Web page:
In a new book historian Garrett Graff shows how nuclear disaster preparation shaped the modern world

Historians in the News
tags: nuclear war, Garrett Graff



In a new book exploring United States officials' detailed doomsday plans during the Cold War, writer and historian Garrett Graff presents a look at how nuclear disaster preparation shaped the modern world.

Raven Rock: The Story of the U.S. Government's Secret Plan to Save Itself—While the Rest of Us Die, released May 2, recounts the history of "how nuclear war would have actually worked — the nuts and bolts of war plans, communication networks, weapons, and bunkers — and how imagining and planning for the impact of nuclear war actually changed." Raven Rock is the name of the military installation built in the late 1940s near Camp David, in case of disaster during the Cold War. As Graff's subtitle indicates, not everyone was invited to take shelter.

Through his research, Graff reveals how ineffective plans for nuclear disasteractually are when put into action. The problem with org charts and instructions? Humans. Take Graff's example of then Supreme Court Chief Justice Earl Warren: when the judge was told he would have access to a secure facility in an emergency, he refused, saying, "I don't see a pass for Mrs. Warren."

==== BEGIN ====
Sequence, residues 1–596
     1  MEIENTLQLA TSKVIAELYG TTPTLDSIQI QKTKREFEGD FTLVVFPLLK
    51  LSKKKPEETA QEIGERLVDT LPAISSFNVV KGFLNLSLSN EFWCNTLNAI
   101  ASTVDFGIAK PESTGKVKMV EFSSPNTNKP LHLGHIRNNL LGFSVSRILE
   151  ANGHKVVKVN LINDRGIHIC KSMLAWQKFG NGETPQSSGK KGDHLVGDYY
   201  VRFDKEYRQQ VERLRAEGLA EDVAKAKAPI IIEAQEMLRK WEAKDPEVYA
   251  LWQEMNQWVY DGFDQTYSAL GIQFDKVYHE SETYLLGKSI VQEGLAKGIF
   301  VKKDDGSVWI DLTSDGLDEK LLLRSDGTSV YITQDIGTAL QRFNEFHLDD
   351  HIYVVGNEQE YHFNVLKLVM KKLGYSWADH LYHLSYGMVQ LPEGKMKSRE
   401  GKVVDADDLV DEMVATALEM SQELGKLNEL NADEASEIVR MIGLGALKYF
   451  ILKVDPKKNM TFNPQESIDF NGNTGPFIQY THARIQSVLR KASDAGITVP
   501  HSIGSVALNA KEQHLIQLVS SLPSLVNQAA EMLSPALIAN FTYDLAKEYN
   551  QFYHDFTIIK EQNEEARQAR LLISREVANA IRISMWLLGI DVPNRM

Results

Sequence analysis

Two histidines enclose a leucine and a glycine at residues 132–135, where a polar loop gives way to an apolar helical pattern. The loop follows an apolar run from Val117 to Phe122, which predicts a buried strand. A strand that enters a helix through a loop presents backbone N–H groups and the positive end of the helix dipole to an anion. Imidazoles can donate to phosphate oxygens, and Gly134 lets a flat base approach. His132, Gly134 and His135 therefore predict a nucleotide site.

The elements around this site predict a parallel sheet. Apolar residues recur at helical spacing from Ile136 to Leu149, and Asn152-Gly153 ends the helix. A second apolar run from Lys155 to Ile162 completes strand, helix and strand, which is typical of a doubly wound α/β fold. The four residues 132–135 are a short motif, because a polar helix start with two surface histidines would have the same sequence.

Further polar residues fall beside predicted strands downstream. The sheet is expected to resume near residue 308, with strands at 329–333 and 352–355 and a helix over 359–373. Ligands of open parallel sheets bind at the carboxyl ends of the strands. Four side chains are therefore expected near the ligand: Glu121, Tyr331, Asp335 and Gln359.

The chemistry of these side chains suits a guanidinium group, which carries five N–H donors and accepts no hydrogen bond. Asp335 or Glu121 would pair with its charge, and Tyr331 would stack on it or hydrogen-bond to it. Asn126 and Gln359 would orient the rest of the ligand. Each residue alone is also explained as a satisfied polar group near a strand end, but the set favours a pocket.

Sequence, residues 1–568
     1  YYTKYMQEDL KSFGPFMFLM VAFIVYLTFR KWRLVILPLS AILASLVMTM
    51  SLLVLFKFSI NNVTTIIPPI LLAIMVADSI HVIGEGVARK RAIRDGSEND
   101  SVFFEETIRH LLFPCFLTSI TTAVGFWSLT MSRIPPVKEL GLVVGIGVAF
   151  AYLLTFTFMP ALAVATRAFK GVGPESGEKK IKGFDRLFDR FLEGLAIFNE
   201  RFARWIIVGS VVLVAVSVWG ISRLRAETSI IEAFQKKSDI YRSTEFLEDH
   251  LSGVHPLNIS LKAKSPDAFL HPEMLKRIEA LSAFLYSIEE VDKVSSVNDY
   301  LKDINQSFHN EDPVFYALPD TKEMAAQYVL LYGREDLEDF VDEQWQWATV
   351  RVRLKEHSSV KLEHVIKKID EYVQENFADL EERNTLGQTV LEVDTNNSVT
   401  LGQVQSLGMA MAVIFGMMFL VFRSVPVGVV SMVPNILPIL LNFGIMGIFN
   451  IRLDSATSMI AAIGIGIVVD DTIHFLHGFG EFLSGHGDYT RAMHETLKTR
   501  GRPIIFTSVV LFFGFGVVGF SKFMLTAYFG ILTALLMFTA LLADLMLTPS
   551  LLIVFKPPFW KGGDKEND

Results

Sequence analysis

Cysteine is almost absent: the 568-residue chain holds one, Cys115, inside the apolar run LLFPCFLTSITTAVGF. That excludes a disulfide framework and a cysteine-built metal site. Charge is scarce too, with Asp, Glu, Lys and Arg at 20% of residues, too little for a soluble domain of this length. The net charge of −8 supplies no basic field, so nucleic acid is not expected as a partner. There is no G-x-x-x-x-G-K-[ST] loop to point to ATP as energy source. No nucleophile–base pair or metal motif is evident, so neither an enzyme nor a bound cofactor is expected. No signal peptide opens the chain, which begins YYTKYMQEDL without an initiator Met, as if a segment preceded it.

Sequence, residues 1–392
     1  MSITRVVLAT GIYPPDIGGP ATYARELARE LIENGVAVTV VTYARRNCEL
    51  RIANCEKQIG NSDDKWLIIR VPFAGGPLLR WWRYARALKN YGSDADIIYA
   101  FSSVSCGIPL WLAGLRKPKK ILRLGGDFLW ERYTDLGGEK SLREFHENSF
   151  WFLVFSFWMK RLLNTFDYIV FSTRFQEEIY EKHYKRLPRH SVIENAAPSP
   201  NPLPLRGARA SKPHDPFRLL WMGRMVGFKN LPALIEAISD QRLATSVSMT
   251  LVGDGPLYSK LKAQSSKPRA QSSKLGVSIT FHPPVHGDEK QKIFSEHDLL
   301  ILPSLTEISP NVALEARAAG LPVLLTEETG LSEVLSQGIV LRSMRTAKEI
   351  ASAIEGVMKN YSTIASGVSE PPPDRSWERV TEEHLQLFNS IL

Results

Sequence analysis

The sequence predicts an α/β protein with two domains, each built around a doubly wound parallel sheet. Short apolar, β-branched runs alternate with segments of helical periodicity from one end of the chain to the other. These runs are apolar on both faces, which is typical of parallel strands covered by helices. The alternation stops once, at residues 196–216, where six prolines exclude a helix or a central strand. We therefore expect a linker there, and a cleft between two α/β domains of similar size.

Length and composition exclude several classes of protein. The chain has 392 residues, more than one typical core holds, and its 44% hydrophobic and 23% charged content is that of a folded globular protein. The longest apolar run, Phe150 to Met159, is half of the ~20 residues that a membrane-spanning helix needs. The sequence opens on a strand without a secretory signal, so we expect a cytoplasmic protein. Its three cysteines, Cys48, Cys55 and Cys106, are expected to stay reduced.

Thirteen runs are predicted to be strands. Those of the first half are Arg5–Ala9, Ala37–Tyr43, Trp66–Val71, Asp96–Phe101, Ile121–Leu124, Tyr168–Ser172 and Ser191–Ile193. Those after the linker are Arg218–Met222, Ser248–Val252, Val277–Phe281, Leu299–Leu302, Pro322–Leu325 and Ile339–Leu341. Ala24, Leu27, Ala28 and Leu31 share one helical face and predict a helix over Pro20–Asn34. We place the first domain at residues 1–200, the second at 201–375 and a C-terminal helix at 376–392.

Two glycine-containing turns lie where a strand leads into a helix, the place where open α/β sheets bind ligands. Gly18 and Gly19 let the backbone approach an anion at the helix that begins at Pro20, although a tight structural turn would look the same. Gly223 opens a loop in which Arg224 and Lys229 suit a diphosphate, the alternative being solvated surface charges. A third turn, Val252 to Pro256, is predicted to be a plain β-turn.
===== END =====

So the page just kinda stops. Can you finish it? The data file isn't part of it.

Policies put into place in case of nuclear disaster also changed throughout the years, as different presidents took leadership and the scale of the Cold War grew to the point that officials realized only a certain number of Americans could survive a nuclear attack.

"During the Truman, Eisenhower and the Kennedy years, there was a much better push with the idea that the civil population could be protected," Graff said. "The scale of nuclear war grew to the point that that was no longer feasible." ...




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